Classical Conditioning

GinaMarie Guarino, LMHC

Classical Conditioning

Classical conditioning is a process of learning through stimulation. With classical conditioning, a subject learns a behavior in response to a stimulus. This behavior is learned through repetition. The more a stimulus is presented to a subject, the more likely they are to expect a certain response.

The concept of classical conditioning was first proposed by Dr. Ivan Pavlov. In 1927, Pavlov conducted an experiment. The experiment started as an experiment on the digestive system of a dog, but grew into a new direction.

After Pavlov’s observation about a dog’s behavior in response to food, he created a new experiment. This experiment was intended to test methods of eliciting a response to stimuli. His experiment marked a milestone in understanding the human condition. It has been instrumental in the study of psychology and human behavior.

Ivan Pavlov

Ivan Pavlov
Ivan Pavlov

Ivan Pavlov was a Russian physiologist who was born in 1849. From the time he was young, he had a profound interest in the world of natural science and physiology. He devoted his career to research, and eventually won the Nobel Peace Prize for his contribution to the study of physiology in 1904.

While not a psychologist himself, Pavlov’s studies have left a lasting effect on psychology as we know it today. Pavlov’s contribution to the study of physiology revolved around digestive functions. While conducting an experiment on his dog, he discovered the pattern that we now refer to as classical conditioning. Pavlov used the experiment to discover a method of activating behavior through stimulation.

Pavlov’s Dog Experiments

The discovery of classical conditioning was a huge milestone in Pavlov’s research. What many do not know is that he made the discovery accidentally. Pavlov discovered classical conditioning while studying the digestive system of dogs.

Pavlov’s intention was to measure the salivation rate of a dog in the anticipation of food. Through this experiment, Pavlov also discovered a trend in the behavior of the dog. Pavlov noted through his experiment that in anticipation of food, the dog would begin to salivate. The behavior of salivation would occur regardless of whether or not food was clearly in its future.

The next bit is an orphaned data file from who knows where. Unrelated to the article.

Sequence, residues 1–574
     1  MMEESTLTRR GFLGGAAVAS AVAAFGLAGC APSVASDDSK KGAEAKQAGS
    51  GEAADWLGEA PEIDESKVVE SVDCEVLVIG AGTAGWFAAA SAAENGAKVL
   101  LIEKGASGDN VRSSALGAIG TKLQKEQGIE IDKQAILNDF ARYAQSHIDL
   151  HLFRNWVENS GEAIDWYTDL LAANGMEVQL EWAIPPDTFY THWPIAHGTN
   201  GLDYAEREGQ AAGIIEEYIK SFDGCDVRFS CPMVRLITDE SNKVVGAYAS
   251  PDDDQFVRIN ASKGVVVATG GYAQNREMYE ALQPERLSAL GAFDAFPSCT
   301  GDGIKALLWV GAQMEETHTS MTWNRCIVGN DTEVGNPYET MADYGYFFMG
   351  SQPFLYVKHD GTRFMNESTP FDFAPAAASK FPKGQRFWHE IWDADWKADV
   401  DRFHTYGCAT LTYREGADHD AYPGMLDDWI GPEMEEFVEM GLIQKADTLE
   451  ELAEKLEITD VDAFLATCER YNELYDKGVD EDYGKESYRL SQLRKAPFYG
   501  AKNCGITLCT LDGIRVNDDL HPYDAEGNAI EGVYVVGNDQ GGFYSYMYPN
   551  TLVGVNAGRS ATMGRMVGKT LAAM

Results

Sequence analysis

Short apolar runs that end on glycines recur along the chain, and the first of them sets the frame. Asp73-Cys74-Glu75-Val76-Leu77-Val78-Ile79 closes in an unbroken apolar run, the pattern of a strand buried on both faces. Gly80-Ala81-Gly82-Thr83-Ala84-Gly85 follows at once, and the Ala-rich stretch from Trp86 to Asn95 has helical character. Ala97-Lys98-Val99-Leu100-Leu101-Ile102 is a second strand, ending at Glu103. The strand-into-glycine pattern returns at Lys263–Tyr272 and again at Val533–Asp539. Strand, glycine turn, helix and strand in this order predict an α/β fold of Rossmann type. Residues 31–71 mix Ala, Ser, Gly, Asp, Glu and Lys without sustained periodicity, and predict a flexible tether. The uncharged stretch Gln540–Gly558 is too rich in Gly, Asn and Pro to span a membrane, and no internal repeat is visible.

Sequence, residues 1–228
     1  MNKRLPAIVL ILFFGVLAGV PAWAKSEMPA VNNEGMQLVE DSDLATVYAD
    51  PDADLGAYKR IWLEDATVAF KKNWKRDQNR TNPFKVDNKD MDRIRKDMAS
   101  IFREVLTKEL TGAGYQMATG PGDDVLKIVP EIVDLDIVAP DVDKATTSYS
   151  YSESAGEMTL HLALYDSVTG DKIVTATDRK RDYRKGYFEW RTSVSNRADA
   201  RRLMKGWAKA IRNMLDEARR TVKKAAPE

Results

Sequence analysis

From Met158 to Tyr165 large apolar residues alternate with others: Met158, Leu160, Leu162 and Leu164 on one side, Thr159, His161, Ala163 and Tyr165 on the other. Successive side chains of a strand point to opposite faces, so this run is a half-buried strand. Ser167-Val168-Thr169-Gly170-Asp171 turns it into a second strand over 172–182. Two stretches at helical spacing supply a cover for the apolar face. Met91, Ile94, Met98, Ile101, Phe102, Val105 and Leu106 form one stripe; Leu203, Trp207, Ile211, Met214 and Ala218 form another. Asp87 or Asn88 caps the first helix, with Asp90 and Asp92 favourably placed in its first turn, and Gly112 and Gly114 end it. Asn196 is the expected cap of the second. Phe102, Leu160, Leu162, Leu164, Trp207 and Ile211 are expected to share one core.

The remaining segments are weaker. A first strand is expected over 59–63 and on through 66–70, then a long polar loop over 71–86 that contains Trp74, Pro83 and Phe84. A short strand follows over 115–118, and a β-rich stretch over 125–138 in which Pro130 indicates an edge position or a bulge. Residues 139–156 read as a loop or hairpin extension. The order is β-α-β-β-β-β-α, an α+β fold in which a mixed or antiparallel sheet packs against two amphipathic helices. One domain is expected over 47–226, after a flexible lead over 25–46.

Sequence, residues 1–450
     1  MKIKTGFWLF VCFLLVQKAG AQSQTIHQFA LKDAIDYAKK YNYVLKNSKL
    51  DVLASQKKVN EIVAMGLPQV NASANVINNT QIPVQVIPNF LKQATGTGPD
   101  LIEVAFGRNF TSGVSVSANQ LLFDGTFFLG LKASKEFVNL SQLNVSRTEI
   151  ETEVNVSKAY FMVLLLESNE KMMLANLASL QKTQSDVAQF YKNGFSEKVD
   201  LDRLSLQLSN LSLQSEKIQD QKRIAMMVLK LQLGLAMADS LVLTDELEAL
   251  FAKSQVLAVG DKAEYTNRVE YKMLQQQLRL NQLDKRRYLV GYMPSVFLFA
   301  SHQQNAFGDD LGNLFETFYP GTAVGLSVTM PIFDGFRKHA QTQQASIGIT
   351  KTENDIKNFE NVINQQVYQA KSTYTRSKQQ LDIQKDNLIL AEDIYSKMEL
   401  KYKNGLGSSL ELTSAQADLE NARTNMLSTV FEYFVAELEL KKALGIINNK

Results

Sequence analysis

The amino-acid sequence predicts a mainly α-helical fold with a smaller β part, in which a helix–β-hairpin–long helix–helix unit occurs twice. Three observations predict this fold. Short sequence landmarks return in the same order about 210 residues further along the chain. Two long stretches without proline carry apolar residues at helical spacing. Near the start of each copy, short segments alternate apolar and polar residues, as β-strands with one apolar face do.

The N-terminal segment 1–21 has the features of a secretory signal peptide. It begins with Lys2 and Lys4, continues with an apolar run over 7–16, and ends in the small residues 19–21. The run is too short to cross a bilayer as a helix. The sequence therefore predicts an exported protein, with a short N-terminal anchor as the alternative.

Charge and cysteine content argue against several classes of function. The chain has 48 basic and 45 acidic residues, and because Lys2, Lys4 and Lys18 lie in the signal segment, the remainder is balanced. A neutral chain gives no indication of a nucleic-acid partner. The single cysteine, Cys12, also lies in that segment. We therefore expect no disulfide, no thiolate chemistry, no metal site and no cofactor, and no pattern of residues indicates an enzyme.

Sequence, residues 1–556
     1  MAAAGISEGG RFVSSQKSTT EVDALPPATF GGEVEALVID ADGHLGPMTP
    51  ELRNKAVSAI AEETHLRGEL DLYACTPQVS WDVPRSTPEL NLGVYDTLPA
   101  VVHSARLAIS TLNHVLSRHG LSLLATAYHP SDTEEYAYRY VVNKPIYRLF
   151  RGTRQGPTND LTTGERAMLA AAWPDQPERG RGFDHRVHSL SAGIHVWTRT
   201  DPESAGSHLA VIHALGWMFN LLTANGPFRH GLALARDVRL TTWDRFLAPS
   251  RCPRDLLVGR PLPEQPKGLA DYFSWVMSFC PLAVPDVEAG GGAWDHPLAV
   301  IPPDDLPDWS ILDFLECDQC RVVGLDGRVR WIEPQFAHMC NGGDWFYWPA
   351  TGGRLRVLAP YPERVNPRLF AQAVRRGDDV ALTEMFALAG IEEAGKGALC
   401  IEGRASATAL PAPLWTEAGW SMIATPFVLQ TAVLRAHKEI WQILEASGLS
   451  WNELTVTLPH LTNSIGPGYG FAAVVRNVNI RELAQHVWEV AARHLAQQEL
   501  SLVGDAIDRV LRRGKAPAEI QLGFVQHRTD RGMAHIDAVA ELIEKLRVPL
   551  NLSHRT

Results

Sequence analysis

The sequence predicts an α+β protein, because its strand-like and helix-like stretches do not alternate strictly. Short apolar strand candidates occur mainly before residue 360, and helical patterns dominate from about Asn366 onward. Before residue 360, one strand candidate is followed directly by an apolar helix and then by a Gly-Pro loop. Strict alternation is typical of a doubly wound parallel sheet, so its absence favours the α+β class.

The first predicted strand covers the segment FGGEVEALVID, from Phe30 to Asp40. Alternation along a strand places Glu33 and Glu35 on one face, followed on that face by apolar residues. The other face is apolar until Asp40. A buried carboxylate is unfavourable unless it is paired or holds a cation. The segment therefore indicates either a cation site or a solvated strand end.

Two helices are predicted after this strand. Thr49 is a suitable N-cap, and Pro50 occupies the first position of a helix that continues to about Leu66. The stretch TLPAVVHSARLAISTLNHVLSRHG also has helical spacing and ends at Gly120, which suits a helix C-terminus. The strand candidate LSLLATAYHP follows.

Pavlov made this discovery through the following experimental process:

  • Step 1: The dog is placed in an observation room and restrained with a harness.
  • Step 2: Piaget enters the room with a bowl filled with dog food. The bowl is then placed in front of the dog.
  • Step 3: The rate of salivation is measured when the dog is presented with the dog food.

These steps were repeated several times with the same dog. Initially, Pavlov was measuring the salivation levels of the dog when presented with food. Through this process, Pavlov began to notice that the dog would begin to salivate as soon as the door to the observation room was open. This observation caused Pavlov to take his experiment into a new direction.

Upon the observation, Pavlov implemented a new experimental design:

  • Step 1: The dog is placed in an observation room and restrained with a harness.
  • Step 2: Piaget rings a bell and places dog food in front of the dog. The dog begins to salivate at the sight and smell of the dog food.
  • Step 3: The process of step 2 is repeated several times.
  • Step 4: Piaget rings the bell, but does not place the dog food in front of the dog. The results of step four were the dog salivating when hearing the bell. It would salivate because it was expecting that dog food would accompany the sound of the bell, even if dog food was not in sight.

In this experimental process, there are 4 main elements. These elements reflect the process of the concept of classical conditioning.

Classical Conditioning

The four elements are as follows:

  1. Unconditioned Stimulus: The dog food presented to the dog.
  2. Unconditioned Response: The dog begins to salivate in reaction to being presented with the dog food.
  3. Conditioned Stimulus: The bell. (The bell was previously a neutral or unrelated stimulus that was not associated with the dog food). The dog was trained through repetition to expect dog food when it heard the bell ring.